6.  I use my bathroom scale as a motivator, not a drill Sergeant.  After my initial 6 months on Plexus, I did not lose any additional lbs.  However, my bathroom scale has a body fat calculator on it and what I found was my body fat continued to decline even though the pounds did not.  This has led to a faster and better metabolism.  IE:  now I can eat more calories without gaining weight, like I used to.

7.  I recorded my food consumption for a good six months with the help of My Fitness Pal.  It is a free service with a great phone app and was extremely helpful for me when determining portion sizes, and when eating in restaurants.  I am, admittedly, not all that great about doing it consistently anymore, but the transformation in my brain that it provided has been permanent.  The biggest revelation for me, after using this app for some time, was the amount of empty and/or excessive calories I was consuming in restaurants--even when opting for the "healthy menu" options!  Once this information stuck in my head, I almost eliminated eating out altogether.  The interesting side effect of that decision was the massive amount of money that we saved as a family!  As a side note:  within 2 months of starting with Plexus, I saved enough money just from our restaurant budget to cover the cost of the products.

8.  I try to never eat anything after 8:00 at night.  Sometimes I will have an after-dinner dessert, and sometimes I will break this rule altogether.  However, I do find that I sleep better and have an easier time with weight management if I consume all of my calories for the day before 8:00 p.m.

As for the use of Plexus products, in addition to the lifestyle changes above, here are some of the products that I have used, and my opinions about them:

1.  Plexus Slim: This is the basic staple of my overall transformation.  It is a simple powder packet that you mix with water and drink before a meal.  It has a fruity flavor that I really like, and helps me with sugar cravings.  I really like this product a lot and will continue to take it over the long haul.

2.  Accelerator:  Personally, I don't think this particular product did much for me.  However, I have had other people tell me that it was fabulous for them.  It didn't make me jittery, wasn't difficult to take, and didn't seem to have any weird side effects.  I just didn't find it sped up my weight loss efforts much, if any.

3.  Boost:  Now this product is an entirely different story from the Accelerator.  I love my Boost!  Introduced in May, this product facilitates extra energy and has really helped me with my workouts.  I have gone from a solid 11.5 minute mile to a consistent 10 minute mile on my runs since I started this product.  It does make me a bit jittery for about an hour, so I don't take it before I go to work, as I need very steady hands.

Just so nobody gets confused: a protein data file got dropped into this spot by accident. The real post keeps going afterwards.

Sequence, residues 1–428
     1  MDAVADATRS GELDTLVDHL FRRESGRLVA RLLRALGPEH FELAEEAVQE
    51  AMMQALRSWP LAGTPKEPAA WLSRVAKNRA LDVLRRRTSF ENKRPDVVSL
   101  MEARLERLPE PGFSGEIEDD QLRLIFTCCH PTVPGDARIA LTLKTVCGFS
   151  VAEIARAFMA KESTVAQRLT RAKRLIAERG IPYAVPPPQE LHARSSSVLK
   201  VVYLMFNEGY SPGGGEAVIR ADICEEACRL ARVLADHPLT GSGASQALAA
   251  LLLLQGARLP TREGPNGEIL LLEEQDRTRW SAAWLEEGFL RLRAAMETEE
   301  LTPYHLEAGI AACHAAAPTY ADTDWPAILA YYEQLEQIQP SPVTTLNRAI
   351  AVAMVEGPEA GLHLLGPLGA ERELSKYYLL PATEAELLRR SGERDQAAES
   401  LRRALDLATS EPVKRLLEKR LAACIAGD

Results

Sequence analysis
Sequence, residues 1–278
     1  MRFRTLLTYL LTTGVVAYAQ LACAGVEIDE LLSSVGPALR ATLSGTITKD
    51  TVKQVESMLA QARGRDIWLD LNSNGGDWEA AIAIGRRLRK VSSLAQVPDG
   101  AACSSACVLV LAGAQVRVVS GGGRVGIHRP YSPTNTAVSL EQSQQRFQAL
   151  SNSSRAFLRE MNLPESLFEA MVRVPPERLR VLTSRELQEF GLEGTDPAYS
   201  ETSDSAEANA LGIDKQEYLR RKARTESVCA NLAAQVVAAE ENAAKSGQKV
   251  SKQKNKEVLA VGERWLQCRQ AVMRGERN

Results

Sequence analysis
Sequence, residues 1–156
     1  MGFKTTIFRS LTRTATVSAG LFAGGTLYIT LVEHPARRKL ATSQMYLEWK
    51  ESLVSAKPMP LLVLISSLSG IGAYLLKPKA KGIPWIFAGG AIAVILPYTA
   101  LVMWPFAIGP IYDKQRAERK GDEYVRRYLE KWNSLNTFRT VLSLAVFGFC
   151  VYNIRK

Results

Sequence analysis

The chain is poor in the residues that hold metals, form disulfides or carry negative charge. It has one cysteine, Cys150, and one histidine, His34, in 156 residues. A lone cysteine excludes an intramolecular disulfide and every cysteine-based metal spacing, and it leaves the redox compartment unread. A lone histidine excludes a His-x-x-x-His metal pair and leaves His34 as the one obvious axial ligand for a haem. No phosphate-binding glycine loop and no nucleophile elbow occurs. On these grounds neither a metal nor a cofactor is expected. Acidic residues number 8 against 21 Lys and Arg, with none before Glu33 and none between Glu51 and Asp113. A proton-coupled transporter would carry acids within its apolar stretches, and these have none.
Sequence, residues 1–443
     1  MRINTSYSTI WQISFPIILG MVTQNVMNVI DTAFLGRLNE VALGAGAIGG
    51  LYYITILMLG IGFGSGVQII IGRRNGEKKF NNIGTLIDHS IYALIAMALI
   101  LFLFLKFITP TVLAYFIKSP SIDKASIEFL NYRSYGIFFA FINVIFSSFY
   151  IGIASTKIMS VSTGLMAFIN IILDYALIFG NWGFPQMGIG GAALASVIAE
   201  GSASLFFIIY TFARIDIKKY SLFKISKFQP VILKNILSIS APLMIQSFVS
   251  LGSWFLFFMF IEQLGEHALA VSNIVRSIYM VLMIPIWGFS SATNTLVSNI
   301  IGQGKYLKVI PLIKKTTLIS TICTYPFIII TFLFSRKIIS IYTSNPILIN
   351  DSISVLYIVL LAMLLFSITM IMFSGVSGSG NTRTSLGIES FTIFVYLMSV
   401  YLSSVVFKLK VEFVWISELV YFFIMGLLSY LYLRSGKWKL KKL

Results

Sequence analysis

4.  Pro-Bio 5:  I like this product for general digestive health.  I simply take one at bedtime to help maintain optimal digestion.  It's especially good for people that have been on heavy doses of antibiotics in the past and/or have digestive issues in general.

5.  Bio Cleanse:  It took me a long time to work up the nerve to try this product.  I eat a ton of fiber, veggies and fruit.  I wasn't sure that I needed anything to "keep things moving along".  Since I started this product, though, I actually feel better in general.  It seems to help keep me from feeling "bloated" from all of the natural fiber and fruit that I ingest.

6.  X-Factor:  I take this as my regular multivitamin.  The B-vitamins help with immunity and energy, the D helps with bone health, and the rest are antioxidants that help the body repair itself.  It has also made my fingernails grow like crazy!!!

7.  Fast Relief:  I have not personally taken any of these products.  My husband, however, swears by them.  He has suffered with tennis elbow and bursitis for a number of years.  Taking multiple Advil per day to alleviate the pain was how he made it through the day.  Since taking the Fast Relief Capsules and using the cream, he doesn't really complain at all about pain in his arm and shoulder anymore.

So, there's my 12 month story.  You may think I'm insane, but I just think I'm finally healthy!

Here's the link to my Plexus site, should you decide to give it a whirl.  

Until next time. . .